Do I Have To Go To Funerals?


Q: do I have to go to funerals? A few years ago, My father in law died of old age. I didn't go to his funeral. My mother was upset and the rest of the family was to. I had one excuse to to go. I was on a vacation. My wife and I made reservation to stay at a cabin in the mountains. On the day we were packing and getting ready to go. The bad news arrived hours before we were supposed to walk out the door. I went to see my mother and told her i want be coming to the funeral. She and my sister insisted that I drive down from the mountains and go to the funeral. I said "Ok, maybe". 3 days later, the day of the funeral, I didn't come to the funeral. I really didn't plan to. So my family claims I didn't care about my mother and thought it was so selfish of me not to show up. I don't recall anything in the Bible that say I have to or should show up to a funeral. I asked some and they thought I really didn't have to go since I had already planned that week. Could someone advise me and show me where in the Bible that funeral are necessary for certain individuals? I need some quotes to study on or just your option on this in case another family member dies like my grandmother.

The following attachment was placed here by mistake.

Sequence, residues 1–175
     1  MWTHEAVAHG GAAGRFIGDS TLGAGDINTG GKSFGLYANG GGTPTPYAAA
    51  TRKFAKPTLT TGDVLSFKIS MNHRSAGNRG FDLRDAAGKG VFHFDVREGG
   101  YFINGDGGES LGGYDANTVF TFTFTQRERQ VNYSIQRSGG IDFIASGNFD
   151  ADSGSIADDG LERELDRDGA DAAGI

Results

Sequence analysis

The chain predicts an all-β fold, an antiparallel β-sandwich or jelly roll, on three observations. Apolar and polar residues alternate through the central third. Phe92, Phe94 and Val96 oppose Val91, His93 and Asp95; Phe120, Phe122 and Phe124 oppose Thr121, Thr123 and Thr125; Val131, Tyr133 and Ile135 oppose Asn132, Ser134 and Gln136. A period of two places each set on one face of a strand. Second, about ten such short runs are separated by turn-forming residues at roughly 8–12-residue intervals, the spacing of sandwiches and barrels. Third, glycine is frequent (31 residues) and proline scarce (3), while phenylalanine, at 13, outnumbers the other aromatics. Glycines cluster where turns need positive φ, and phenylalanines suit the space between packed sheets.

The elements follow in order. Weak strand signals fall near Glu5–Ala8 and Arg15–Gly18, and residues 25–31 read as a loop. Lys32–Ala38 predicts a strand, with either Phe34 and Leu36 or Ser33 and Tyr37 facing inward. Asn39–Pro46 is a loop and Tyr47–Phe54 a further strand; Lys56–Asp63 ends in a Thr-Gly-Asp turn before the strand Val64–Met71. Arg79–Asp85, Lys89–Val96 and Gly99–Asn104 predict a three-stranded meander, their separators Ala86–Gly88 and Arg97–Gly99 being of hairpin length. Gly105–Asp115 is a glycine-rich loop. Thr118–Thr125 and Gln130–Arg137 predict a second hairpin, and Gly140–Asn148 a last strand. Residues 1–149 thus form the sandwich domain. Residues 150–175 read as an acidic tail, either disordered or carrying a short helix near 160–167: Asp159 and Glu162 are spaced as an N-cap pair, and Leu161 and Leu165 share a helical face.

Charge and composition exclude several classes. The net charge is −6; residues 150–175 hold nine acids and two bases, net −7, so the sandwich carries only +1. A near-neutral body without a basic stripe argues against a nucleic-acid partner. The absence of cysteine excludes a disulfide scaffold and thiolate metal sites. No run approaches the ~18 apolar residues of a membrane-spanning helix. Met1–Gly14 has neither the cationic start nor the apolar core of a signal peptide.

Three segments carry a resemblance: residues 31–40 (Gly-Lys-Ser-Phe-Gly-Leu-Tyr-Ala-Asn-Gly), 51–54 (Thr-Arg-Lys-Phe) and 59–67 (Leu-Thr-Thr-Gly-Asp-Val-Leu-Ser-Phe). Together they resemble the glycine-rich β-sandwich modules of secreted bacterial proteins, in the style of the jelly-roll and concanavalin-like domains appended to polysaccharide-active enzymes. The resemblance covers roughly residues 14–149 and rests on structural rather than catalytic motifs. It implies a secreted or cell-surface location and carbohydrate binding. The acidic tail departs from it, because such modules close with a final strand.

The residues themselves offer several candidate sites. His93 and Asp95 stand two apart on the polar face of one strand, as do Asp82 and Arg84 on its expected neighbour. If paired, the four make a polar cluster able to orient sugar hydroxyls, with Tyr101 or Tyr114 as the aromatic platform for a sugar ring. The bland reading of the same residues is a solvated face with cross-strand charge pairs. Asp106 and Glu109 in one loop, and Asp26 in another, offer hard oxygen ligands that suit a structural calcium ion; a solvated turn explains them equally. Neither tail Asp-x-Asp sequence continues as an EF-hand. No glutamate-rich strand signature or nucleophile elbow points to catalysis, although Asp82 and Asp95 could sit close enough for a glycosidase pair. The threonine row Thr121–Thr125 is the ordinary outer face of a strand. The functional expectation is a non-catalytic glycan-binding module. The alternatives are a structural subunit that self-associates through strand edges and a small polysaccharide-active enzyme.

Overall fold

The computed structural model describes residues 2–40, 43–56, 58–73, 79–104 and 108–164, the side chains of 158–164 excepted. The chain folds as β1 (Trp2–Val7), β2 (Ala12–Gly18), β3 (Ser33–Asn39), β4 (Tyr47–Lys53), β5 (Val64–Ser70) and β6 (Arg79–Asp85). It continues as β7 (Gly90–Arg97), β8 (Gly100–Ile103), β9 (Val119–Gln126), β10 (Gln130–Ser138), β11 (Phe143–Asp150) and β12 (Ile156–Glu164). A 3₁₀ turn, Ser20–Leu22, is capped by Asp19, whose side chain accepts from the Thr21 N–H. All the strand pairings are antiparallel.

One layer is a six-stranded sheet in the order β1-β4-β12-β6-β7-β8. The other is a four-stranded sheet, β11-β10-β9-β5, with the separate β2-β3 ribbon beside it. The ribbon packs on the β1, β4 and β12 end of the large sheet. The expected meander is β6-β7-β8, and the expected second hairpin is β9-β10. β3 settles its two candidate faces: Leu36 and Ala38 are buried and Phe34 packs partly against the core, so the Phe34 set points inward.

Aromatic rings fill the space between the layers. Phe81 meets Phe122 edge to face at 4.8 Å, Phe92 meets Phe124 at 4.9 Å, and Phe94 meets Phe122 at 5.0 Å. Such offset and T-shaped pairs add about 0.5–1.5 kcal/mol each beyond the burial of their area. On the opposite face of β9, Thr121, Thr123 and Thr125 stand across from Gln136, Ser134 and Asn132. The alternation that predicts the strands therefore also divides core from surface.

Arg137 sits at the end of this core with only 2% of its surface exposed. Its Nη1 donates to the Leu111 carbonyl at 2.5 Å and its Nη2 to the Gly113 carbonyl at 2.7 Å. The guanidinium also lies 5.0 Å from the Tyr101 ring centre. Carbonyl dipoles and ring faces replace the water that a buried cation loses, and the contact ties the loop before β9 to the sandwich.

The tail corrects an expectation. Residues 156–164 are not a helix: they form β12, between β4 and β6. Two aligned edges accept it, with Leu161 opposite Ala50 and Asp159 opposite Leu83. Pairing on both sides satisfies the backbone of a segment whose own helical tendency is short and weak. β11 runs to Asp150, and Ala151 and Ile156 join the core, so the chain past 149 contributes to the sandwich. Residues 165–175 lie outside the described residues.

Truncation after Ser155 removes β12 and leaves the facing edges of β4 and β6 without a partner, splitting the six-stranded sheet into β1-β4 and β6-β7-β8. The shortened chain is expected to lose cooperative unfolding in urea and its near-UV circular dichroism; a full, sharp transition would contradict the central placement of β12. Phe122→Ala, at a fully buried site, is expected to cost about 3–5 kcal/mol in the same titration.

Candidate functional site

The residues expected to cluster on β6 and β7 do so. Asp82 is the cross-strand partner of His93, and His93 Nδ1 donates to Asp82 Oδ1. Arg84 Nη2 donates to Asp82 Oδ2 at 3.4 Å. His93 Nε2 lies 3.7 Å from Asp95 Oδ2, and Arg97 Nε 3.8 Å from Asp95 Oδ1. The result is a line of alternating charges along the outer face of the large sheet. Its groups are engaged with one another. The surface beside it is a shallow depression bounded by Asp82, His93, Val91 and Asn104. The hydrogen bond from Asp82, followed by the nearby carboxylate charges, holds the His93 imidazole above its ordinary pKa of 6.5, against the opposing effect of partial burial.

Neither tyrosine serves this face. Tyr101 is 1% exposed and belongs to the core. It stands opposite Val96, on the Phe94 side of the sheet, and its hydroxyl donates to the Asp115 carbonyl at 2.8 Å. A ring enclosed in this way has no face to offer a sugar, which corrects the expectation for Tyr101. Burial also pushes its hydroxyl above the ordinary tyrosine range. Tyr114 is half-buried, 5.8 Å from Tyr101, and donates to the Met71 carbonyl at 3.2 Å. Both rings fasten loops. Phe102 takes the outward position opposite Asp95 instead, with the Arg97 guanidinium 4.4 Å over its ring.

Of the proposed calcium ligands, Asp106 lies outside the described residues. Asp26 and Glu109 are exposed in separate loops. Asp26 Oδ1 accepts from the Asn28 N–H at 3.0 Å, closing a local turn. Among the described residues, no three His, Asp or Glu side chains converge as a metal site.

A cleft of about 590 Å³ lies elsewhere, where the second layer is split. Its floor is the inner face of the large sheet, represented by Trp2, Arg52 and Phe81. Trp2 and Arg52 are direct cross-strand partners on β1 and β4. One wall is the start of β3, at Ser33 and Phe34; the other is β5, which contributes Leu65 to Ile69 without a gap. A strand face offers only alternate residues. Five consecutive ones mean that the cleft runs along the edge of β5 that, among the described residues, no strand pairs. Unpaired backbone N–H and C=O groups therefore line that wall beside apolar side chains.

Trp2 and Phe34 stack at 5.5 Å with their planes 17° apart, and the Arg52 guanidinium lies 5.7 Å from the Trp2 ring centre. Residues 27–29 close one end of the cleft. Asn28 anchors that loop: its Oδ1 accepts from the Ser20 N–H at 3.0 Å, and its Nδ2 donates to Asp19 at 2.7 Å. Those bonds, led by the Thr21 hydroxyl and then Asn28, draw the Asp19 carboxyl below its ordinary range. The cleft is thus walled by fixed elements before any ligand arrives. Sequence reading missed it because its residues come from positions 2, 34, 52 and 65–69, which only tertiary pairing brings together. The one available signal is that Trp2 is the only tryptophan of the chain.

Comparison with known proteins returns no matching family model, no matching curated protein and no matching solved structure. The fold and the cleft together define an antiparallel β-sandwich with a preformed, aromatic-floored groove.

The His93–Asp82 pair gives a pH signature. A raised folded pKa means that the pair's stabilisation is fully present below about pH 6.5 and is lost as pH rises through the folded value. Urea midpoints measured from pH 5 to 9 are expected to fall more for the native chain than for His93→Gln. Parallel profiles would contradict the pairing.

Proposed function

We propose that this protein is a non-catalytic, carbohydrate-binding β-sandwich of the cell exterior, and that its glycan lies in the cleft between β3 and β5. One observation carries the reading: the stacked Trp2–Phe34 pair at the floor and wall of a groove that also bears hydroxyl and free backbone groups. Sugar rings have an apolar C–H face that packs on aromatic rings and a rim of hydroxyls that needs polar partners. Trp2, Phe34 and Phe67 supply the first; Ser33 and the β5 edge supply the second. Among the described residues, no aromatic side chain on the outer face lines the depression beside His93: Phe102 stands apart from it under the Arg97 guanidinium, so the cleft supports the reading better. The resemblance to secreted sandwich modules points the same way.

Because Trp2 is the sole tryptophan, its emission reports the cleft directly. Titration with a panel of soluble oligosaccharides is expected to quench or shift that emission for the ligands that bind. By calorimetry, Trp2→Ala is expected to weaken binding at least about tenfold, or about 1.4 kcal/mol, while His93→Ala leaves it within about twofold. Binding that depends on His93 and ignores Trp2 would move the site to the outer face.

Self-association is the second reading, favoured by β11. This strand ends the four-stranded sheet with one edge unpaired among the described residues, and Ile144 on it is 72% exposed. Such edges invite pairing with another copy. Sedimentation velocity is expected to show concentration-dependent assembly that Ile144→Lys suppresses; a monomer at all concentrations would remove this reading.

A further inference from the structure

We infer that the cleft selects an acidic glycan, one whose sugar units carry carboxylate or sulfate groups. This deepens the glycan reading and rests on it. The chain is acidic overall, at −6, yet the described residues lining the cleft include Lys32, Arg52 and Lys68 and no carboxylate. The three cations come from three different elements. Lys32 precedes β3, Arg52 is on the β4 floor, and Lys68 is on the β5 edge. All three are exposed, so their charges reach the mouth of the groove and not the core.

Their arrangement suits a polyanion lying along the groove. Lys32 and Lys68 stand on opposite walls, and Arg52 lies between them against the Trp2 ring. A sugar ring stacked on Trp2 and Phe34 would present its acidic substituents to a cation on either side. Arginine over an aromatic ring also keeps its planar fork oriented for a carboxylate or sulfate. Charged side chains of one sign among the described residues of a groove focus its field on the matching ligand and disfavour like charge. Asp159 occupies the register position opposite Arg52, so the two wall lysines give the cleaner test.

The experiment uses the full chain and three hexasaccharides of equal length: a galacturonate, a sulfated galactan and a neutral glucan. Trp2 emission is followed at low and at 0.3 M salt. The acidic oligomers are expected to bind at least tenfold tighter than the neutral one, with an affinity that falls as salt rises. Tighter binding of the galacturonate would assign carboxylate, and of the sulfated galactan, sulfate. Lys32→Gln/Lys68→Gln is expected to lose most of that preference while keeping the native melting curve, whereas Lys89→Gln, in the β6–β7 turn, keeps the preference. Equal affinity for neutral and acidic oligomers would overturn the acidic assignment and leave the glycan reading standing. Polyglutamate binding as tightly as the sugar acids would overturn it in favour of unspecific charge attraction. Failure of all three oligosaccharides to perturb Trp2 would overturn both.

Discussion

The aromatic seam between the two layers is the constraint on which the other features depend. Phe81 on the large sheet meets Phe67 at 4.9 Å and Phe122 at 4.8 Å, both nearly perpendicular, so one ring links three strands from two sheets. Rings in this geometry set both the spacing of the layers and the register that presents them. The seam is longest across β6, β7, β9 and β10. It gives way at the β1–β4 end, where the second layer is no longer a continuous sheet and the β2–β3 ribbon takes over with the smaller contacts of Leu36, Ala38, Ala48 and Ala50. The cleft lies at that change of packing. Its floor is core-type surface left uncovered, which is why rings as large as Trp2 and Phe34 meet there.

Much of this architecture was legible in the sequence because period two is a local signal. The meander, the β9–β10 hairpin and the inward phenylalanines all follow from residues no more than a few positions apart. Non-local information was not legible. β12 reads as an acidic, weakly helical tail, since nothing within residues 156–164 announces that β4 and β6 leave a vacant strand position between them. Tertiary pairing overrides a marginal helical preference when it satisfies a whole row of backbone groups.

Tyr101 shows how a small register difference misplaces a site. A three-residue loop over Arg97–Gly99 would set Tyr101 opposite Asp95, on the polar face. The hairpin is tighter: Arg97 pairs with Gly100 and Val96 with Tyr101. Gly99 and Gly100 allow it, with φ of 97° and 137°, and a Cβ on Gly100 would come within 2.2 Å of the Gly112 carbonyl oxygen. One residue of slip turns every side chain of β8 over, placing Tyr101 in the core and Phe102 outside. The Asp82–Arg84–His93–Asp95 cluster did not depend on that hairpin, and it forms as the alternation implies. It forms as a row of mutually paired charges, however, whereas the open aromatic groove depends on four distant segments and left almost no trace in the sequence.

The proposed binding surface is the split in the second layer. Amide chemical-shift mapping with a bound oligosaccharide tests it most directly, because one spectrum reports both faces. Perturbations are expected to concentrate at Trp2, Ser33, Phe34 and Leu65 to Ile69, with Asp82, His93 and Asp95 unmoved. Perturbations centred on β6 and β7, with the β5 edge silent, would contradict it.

A: Why would _we_ know what it says in the Bible? Funerals are for the living, not the dead. I wouldn't have gone either, but my parents didn't have funerals... I don't think it's such a big deal but how can you not go to the funeral of someone close to you? The cabin in the mountain will be there tomorow...your grieving freinds and family will most likely not... Dow, I just lost my mother last week, so I feel really qualified to reply on this. Funerals are never fun or entertainment, nor are they meant to be something we enjoy. Not only that, they are not something planned around our amusements. Life is full of things that we do for the benefit of others which don't have a lot of big payoff for ourselves, but if you have compassion for others, you do it. I was so incredibly grateful for the friends and relatives who did show up. Whenever someone dies, no matter how old or how sick, there are people who loved that person and it is always unexpected. It is always a shock, always sad, and if it is someone like a mother, or a wife, or another close relative, it is unbelievably painful. Naturally the deceased doesn't care or relate, but those who are left grieving sure do. After the viewing and the funeral and all of that, we had a lovely get together at my mothers home, sharing memories, photos, and simply being close to the rest of those who loved her. It was priceless. There was a real sense of closure and peace and a sense of adjustment to the change. It was also a great family party, although with a sad theme underneath. Someone is gone forever, and the whole world shifts around a bit. Changes are always painful. Can it really hurt that much to show up for a few minutes and say a few kind words to those who are deeply grieving? You and I are all going to die oneday, and there will be those who will grieve us too. Would you deny them the comfort of friends and relatives at that time? Of course not. So you go through the motions. It won't kill you, and it will do a lot of good. It is compassionate and kind, and this kind of situation calls your mahayana attitude and bodhisattva committment to task, to put your "money where your mouth is" about your committment to other living beings. Believe me, no matter how inconvenient it is for you, you will be glad you did it, and someone will be comforted by your presence.

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